Friday, October 10, 2014

October Horror Movie Challenge: The Fly (1958)

Based on the short story of the same name by George Langelaan, The Fly is a science-fiction horror movie directed by Kurt Neumann. After her husband is crushed to death by a mechanical press, Helene Delambre tells his brother and a police inspector the unfortunate events that led to his demise. While experimenting with a teleportation device, Helene's husband Andre accidentally spliced his DNA with a fly who also happened to be in the same chamber.

When most people think about The Fly, they probably think about David Cronenberg's 1986 remake. While that movie is excellent and proof that not all remakes are inherently terrible, I feel sad that so many people have forgotten about the original or have written it off as just another cheesy monster movie from the 50's. Yes, The Fly has some downright silly moments, but they are few and far between. This film manages to tell a great story, contains some great performances, and I feel deserves the same attention as its remake.

While both films build their story around the classic trope of a scientist whose ambition leads to his downfall, Neumann's film utilizes a very different approach. Instead of focusing on the horror of the human body slowly transforming into a hideous monster, the original chooses to focus on the inherent tragedy of the situation. Andre was a scientist who just wanted to create something that would change the world, but his ambition got the better of him, causing him to push too far too fast. After the accident, Andre tries to resist these strange urges invading his mind, wanting to retain at least a small shred of his humanity. Unfortunately, fate has other plans. The Fly does an excellent job telling this story and remains effective to this day.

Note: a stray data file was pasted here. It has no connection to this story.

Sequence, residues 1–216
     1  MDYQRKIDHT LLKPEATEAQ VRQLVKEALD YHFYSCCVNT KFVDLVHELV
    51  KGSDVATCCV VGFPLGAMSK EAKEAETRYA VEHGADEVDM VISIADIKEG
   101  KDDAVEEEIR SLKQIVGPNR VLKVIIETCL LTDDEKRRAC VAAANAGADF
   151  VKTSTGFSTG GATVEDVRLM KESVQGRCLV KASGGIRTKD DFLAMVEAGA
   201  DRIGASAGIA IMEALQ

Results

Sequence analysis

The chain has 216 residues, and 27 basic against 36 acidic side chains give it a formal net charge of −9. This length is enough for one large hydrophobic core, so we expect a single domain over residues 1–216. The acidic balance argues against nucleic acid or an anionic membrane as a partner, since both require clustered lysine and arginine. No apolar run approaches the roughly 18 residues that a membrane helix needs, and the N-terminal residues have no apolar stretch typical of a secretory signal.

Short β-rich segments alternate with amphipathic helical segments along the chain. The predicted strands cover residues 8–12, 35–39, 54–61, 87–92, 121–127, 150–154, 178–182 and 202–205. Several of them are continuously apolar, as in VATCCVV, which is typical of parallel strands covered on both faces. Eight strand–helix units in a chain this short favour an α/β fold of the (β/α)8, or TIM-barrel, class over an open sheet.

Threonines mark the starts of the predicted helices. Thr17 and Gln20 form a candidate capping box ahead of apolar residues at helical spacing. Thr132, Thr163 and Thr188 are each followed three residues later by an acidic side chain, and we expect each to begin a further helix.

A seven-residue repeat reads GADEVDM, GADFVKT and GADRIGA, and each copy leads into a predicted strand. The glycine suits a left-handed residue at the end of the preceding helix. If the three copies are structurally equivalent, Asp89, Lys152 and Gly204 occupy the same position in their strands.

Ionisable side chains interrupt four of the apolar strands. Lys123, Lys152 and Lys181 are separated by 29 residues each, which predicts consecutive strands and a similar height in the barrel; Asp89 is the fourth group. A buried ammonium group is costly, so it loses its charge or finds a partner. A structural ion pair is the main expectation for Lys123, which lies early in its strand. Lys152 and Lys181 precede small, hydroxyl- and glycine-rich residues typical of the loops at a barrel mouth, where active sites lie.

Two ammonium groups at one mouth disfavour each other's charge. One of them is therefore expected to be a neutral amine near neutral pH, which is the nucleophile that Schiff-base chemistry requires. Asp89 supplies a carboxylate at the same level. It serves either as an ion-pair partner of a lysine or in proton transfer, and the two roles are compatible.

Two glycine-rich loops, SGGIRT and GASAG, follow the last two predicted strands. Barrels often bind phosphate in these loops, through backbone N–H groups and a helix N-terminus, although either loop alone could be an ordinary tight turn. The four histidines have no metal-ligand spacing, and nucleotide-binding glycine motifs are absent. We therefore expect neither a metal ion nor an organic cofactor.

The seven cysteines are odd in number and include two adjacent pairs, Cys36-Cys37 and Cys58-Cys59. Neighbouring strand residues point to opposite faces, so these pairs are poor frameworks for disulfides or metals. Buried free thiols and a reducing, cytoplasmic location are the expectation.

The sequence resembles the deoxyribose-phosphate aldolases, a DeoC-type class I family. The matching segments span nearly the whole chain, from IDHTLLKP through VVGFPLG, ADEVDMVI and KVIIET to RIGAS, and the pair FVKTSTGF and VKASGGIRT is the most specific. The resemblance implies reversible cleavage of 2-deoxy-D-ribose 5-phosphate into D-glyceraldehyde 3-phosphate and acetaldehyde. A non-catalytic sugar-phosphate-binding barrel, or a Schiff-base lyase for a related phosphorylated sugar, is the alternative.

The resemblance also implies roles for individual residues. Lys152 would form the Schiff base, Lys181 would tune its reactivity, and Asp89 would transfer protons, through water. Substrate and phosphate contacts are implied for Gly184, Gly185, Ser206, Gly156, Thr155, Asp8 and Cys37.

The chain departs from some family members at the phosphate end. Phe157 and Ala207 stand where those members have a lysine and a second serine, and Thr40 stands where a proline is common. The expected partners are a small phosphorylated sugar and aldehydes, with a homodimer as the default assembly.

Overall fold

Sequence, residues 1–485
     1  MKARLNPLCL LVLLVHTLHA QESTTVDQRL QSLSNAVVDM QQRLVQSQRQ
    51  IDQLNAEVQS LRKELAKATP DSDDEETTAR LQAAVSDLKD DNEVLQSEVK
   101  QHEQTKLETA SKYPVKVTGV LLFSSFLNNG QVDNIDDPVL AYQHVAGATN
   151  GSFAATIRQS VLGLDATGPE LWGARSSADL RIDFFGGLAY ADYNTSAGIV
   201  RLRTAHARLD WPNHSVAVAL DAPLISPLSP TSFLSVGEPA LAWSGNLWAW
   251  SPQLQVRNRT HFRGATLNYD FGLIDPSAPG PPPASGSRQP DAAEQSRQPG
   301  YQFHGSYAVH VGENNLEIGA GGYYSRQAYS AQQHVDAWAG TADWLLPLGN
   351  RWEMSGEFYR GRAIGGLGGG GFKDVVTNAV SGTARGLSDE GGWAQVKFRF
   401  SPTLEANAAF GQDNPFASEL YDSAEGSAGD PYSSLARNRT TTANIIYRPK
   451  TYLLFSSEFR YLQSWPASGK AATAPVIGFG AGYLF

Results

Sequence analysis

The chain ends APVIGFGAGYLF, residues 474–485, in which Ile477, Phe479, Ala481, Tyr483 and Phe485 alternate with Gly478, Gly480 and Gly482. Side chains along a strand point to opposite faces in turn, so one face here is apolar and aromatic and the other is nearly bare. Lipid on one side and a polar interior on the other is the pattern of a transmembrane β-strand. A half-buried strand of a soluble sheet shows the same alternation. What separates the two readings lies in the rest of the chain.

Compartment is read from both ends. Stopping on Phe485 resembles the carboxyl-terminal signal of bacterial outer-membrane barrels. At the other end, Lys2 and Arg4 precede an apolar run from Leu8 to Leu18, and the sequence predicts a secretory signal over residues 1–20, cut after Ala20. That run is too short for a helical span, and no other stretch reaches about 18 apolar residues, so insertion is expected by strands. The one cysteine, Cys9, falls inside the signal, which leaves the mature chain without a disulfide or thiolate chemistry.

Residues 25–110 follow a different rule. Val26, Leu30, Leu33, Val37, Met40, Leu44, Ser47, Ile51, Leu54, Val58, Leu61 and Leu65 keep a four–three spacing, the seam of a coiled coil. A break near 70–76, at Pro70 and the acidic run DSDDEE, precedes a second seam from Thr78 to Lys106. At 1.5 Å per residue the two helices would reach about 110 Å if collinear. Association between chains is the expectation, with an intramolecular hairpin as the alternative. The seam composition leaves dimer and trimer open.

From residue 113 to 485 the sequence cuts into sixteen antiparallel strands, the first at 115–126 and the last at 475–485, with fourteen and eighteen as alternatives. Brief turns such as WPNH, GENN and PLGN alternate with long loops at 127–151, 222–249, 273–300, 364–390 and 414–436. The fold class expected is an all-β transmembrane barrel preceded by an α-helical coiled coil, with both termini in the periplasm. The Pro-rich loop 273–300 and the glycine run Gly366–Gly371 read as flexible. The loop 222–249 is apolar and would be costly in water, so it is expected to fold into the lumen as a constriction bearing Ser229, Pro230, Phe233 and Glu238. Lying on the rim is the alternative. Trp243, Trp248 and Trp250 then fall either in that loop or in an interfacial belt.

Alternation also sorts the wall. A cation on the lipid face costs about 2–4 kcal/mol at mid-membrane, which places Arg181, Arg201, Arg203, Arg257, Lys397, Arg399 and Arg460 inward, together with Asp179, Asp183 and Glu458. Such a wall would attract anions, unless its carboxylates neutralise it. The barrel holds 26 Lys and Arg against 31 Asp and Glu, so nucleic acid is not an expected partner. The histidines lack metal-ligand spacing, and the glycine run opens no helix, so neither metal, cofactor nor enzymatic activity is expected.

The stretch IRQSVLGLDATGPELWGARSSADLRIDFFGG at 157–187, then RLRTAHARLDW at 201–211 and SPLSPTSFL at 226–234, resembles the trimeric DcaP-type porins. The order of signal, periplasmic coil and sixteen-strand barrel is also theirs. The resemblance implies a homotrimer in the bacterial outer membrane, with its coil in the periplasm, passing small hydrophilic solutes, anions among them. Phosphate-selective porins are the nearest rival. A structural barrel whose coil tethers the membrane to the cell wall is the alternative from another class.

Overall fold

The performances are also stellar. David Hedison is fantastic as Andre Delambre, perfectly capturing a scientist trying to push the boundaries of what is possible while also attempting to be a good father and husband. Patricia Owens is just as good, playing a woman who is seeing the love of her life slowly disappearing and willing to do anything she can to help beautifully. Vincent Price is also fantastic, but that goes without saying.

Although The Fly is an excellent movie, it does have its faults. Probably the biggest is that it occasionally tells us whats happening instead of showing us. For example, we don't see the accident that leads to Andre's predicament. We're just told about it through Helene reading a note from him about it. Film's a visual medium, meaning its almost always better to show us the story instead of just telling us. Also, The Fly's pacing can be a little slow at times. While I had no problem with it, viewers who prefer their films to move at a faster pace might.

The Fly is still a great film and deserves the same level of recognition that its remake receives. If you enjoy classic horror cinema and like stories that prioritize tragedy and drama, you will most likely enjoy The Fly.